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“I feel like I’m the typical woman when it comes to the issue of heart disease. I had symptoms but just always attributed the symptoms to something else.” says Nela Edgar.

Sitting across from Nela in her beautiful home, you would have no idea she has not only suffered from heart disease herself, but also had heart disease touch many of those whom she loved. Nela’s father had a stroke when she was only 9 years old, and passed away from a stroke only ten years later at the age of 62. Years later, Nela’s late husband, David, had a sudden, massive heart attack at the age of 65 and passed away in Nela’s arms. David’s passing was a shock to the family, as Nela describes him as “very active”, someone who served on the National Board of the American Heart Association, and who had just had a clean physical examination.

Years later, Nela was blessed to find love again, but that did not make her immune from having health scares herself. Though Nela believes she has had “warning signs” for the last few years, things began to mount in July of 2019. While in Colorado visiting her daughter, Nela fainted. Then, even though Nela didn’t want the attention, sisters tell sisters.  Her Columbia daughter’s husband Taylor is a cardiologist and kindly told her she needed to see a doctor and even set up the appointment for Nela himself. Her examination with the cardiologist raised enough concern that a heart monitor was put on Nela so her physicians could monitor her heart’s activity. Days later, Nela had an episode that was later determined to be an “8 second flatline” of her heart, and it was decided that Nela needed a pacemaker.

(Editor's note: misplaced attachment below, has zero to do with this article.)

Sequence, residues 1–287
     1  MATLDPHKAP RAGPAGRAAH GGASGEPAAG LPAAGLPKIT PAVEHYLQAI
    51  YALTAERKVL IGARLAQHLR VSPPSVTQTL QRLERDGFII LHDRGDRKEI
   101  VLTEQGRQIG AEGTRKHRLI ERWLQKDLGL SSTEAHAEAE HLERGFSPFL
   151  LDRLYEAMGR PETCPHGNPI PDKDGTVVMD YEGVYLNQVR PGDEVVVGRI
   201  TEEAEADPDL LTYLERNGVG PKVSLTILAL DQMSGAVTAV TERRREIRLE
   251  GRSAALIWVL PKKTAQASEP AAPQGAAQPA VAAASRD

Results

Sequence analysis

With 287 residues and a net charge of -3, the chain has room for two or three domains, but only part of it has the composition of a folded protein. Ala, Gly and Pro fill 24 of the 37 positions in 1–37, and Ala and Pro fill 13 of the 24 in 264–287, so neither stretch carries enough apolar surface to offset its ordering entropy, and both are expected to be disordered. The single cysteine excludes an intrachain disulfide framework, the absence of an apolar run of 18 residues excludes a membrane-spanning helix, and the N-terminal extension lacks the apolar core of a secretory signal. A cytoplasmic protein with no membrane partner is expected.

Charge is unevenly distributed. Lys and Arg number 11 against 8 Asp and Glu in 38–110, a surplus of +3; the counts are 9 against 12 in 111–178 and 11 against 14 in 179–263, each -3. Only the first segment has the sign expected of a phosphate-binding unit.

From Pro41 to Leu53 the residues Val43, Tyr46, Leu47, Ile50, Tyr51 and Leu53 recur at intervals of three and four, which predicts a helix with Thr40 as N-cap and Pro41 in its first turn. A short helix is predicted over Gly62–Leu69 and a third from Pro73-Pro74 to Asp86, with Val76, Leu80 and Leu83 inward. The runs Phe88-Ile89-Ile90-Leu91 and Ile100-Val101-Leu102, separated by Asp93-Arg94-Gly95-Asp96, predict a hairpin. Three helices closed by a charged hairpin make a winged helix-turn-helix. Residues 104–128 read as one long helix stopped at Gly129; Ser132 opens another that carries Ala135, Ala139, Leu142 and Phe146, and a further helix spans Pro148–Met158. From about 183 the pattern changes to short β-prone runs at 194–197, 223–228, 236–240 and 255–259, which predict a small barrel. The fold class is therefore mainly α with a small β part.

Once the pacemaker was put in, the doctors were able to monitor Nela’s heart activity even more closely. Thanks to the pacemaker, doctors were able to determine Nela had Atrial fibrillation (commonly known as afib) and heart palpitations. These issues led to Nela having a cardioversion procedure and then an ablation procedure in January 2020. Since these procedures, Nela says she feels like “a different person”. She says she didn’t realize how tired she was before and how much her life has improved since having these procedures.

Though Nela has been through a lot in terms of her heart, she does not want any sympathy. She simply wants people to learn from everything she has been through. “Men and women need to take away from my story that it is always better to ask about health issues. Don’t try to be super independent or be afraid you’ll be seen as a hypochondriac. Don’t self-diagnose on Google, even though we all do it. Talk to your healthcare provider so they can help uncover health issues hopefully before they become a major problem.” she says.

Heart disease is the leading cause of death for women in the United States according to the Center for Disease Control. With February being Heart Awareness Month, please be sure to check in with yourself and think about whether you have been experiencing symptoms of heart disease. These include, but are not limited to, chest pain, shortness of breath, or pain in your neck, jaw, or throat. We are all in this health journey together and we encourage you to involve your healthcare provider so you can live the very best life possible!